The United States District Court for the District of New Jersey has held that an insured was not legally obligated to pay amounts it incurred in repairing its allegedly defective work, and, as a result, that its insurer was not obligated to provide coverage for such amounts. Permasteelisa CS Corp. v. Columbia Cas. Co., 2009 WL 1874087 (D.N.J. June 29, 2009). In doing so, the court concluded that a "legal obligation to pay" as required by the insurer's liability policy required "the presentation of proofs in a court of competent jurisdiction and a finding by the court or jury of liability."
The policyholder, a construction sub-contractor, designed, constructed and installed an allegedly defective curtain wall on an office tower. After the project owner and the general contractor noted problems with the policyholder's work, they advised the insured of the alleged defective work and their view that the insured was "responsible for . . . remedial work at no additional cost because the work is the direct result of either [the insured's] design and/or field operations." The policyholder sent notice of a claim related to the curtain wall construction to its professional liability insurer, but the policyholder failed to respond when the insurer requested additional information. Further, contrary to the insurer's instructions, the policyholder began repair work on the curtain wall before the cause of the problems with the curtain wall could be confirmed. The policyholder subsequently filed suit against its insurer, alleging breach of contract and breach of the implied covenant of good faith and fair dealing, and seeking a declaratory judgment that the insurer was obligated to cover the cost of the remedial work.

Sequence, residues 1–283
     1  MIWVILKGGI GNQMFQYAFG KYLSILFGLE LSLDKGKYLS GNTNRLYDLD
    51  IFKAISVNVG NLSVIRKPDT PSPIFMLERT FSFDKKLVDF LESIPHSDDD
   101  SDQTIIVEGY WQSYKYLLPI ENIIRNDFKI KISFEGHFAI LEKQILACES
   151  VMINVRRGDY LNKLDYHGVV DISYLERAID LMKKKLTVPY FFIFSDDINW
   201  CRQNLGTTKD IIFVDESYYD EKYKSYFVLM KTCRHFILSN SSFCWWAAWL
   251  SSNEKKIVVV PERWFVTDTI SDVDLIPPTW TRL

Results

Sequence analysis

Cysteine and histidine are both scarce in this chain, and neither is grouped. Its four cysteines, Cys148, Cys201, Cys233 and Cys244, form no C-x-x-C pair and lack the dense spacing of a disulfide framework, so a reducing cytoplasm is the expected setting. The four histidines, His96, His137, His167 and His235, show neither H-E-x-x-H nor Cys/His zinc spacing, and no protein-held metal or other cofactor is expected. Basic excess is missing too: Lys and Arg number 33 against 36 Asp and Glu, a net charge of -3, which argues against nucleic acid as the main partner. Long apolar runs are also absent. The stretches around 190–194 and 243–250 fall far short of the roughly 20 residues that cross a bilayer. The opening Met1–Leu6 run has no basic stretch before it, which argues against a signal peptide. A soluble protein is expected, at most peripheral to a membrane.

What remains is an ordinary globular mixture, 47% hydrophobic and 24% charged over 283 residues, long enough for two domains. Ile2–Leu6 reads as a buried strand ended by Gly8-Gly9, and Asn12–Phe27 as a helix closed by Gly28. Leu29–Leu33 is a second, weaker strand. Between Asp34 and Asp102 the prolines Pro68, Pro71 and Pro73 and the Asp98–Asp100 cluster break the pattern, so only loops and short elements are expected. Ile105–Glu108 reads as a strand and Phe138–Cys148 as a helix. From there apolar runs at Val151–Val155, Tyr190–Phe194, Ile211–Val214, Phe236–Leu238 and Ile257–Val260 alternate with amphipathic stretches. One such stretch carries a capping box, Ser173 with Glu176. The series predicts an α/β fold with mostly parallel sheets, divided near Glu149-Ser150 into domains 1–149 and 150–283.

The court granted the insurer's motion for summary judgment, which contended that the insured was not "legally obligated to pay" for the remedial work as required by the policy. The court agreed, relying on Bacon v. American Ins. Co., 330 A.2d 389 (N.J. Super. Ct. 1974), aff'd 351 A.2d 771 (N.J. Super. Ct. App. Div. 1976), which held that, "absent the presentation of proofs in a court of competent jurisdiction and a finding by a court or jury of liability, it cannot be said that the [policyholder] is 'legally obligated' to pay any damages." In doing so, the court rejected the insured's effort to distinguish Bacon because the operative language in that case required a legal obligation to pay "as damages," while the insurer's policy in this case did not contain the "as damages" language. The court found this immaterial, stating that the phrase "as damages" did not change the plain meaning of "legally obligated." The court therefore held that the policyholder's "unilateral decision" to remedy its work absent a legal requirement that it do so precluded it from recovering the repair cost from its insurer.